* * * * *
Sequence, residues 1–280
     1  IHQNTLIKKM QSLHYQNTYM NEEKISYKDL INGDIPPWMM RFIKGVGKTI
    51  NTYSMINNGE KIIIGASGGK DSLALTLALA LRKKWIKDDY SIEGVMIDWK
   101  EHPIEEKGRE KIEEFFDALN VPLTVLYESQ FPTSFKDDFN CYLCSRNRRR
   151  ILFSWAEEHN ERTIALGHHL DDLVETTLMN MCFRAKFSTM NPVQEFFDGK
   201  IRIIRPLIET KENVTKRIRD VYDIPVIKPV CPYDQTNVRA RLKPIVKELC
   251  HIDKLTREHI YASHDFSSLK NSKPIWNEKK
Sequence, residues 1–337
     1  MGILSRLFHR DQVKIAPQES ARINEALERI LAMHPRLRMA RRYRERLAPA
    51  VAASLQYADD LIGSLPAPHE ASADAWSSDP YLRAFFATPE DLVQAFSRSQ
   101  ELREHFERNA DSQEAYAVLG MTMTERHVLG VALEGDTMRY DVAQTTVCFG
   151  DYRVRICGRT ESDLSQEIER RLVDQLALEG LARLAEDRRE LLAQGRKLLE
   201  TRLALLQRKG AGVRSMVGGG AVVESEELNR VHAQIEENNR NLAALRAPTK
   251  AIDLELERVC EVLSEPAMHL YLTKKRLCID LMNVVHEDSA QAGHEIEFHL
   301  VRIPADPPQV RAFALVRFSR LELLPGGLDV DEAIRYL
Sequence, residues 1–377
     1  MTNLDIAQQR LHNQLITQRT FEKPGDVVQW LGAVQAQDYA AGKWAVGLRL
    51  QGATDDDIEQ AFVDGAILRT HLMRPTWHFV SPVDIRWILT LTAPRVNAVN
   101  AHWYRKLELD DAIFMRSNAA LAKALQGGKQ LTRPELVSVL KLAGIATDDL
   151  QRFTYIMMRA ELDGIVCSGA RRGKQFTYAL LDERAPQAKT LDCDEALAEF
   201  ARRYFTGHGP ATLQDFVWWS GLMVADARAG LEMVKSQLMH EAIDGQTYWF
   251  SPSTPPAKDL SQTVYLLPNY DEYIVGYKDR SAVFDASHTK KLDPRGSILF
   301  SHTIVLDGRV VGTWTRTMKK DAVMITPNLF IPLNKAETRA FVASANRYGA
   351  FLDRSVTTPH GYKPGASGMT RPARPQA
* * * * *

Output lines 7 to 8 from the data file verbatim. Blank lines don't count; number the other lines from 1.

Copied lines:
   251  HIDKLTREHI YASHDFSSLK NSKPIWNEKK
Sequence, residues 1–337